Spectre veers into "original" territory with the introduction of Oberhauser (Christoph Waltz). He's the ostensible head of SPECTRE, an international consortium of puppet masters' puppet masters' puppet masters.** Revealing that Oberhauser is connected to C's intelligence-gathering initiative will only be a spoiler for first-time filmgoers. But his deeper connection is to Bond himself. In a flimsy attempt to further connect Spectre with Casino Royale, Quantum of Solace, and Skyfall, we journey once again into the shattered mind of an eleven-year-old orphan who would one day grow up to be a suave, womanizing, killer-for-hire with a state-sanctioned license to kill. There's a twist around the corner, and fans of the fifty-two-year-old franchise will either get a hearty kick or a groan out of who "Oberhauser" really is.

For those who skipped Mission: Impossible: Rogue Nation, Spectre may be a pleasant experience. It's less of a downer than the previous two entries, while still maintaining a seriousness that elevates it above mere popcorn fare. Sadly, MI:5 was such a massive worldwide hit that a good percentage of moviegoers who check out Spectre will be walloped with déjà vu. That's okay. As I said earlier, there are worse films to be like than Rogue Nation. In fact, if one could do a third film that combines the best elements of both (the bright palette, adrenalized fun, and kick-ass heroine of the Cruise picture; the colorful villain, too-cool-for-prep-school protagonist, and deft handling of spy-stuff dialogue of Spectre), you'd have the perfect new-century intrigue adventure.

About that kick-ass heroine: Léa Seydoux is fine as the Bond Girl with a Past, but she's no Rebecca Ferguson. Rogue Nation and Mad Max: Fury Road provided us with breakout female leads who shattered the action-franchise glass ceiling with gale-force round-house kicks. The fact that Seydoux's Madeleine Swan knows how to unload a gun because daddy taught her how to shoot feels like an anachronism. Again, there was no way anyone could have anticipated 2015 as the year women took traditionally male-driven cinema by the balls, but the fact is, semi-passive Bond girls just doesn't cut it anymore (to say nothing of Monica Bellucci, whose five minutes on screen are spent mostly being disrobed and discarded by Bond--or Moneypenny who, for all intents and purposes, plays Siri in this movie).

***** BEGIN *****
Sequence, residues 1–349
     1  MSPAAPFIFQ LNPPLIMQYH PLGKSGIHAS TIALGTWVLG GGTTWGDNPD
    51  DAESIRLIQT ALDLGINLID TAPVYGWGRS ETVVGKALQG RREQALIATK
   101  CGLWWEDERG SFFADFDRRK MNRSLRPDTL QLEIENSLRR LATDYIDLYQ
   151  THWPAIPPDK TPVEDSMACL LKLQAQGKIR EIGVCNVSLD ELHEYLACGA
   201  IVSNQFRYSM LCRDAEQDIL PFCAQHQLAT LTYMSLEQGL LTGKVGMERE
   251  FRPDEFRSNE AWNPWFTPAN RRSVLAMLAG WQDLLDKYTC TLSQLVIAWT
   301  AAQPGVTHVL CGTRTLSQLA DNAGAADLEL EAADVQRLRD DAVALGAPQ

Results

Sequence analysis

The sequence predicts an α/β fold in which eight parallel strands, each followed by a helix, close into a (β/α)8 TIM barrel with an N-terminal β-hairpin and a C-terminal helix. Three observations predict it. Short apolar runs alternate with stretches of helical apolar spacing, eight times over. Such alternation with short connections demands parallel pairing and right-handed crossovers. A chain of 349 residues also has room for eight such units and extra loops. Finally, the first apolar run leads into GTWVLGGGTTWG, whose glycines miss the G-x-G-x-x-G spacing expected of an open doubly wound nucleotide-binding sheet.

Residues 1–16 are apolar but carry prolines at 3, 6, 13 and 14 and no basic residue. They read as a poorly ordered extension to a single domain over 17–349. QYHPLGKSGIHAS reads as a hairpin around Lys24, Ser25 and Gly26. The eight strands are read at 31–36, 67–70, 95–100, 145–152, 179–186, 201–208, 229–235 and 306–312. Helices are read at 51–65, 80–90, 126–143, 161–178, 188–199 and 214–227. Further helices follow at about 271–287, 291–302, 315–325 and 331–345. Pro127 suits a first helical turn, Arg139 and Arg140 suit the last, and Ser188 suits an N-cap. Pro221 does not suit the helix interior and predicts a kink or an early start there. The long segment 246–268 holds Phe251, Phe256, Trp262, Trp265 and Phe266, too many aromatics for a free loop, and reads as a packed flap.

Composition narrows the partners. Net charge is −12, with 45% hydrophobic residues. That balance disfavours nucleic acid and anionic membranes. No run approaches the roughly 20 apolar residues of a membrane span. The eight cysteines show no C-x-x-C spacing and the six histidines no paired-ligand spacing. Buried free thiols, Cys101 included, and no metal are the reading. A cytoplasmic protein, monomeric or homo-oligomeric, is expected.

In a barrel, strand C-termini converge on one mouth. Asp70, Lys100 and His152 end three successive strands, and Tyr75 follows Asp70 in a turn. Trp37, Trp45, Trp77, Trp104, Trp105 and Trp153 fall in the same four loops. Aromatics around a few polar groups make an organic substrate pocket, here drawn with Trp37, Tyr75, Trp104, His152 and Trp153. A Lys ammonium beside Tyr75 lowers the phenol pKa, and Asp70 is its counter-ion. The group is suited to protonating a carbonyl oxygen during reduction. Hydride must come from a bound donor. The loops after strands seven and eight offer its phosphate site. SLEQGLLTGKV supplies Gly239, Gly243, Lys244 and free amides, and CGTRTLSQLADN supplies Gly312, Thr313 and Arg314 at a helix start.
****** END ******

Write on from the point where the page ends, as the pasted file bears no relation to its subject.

The only way I might effectively judge Spectre as a good film or a bad one is to visit the alternate reality in which the big-screen Mission: Impossible series doesn't exist. The last three entries in that franchise trump the last two Bonds in audacity, scope, and fun. M:I is a blood-rush. Bond has become a sociopath's extended therapy session (remember when James Bond was just a hatched-and-dispatched bad-ass who foiled over-the-top villains?). I enjoyed Dave Bautista's scenes as the silent killer Hinx. And the opening title sequence felt sufficiently dreamy and comic-book-y (it even makes Sam Smith's awful song "Writing's on the Wall" somewhat tolerable). But Spectre has the misfortune of sharing a universe in which a better version of itself came out way too recently to be ignored.

*I never say that. But it's time to start.

**Not to be confused with Quantum, which were just the puppet masters' puppet masters.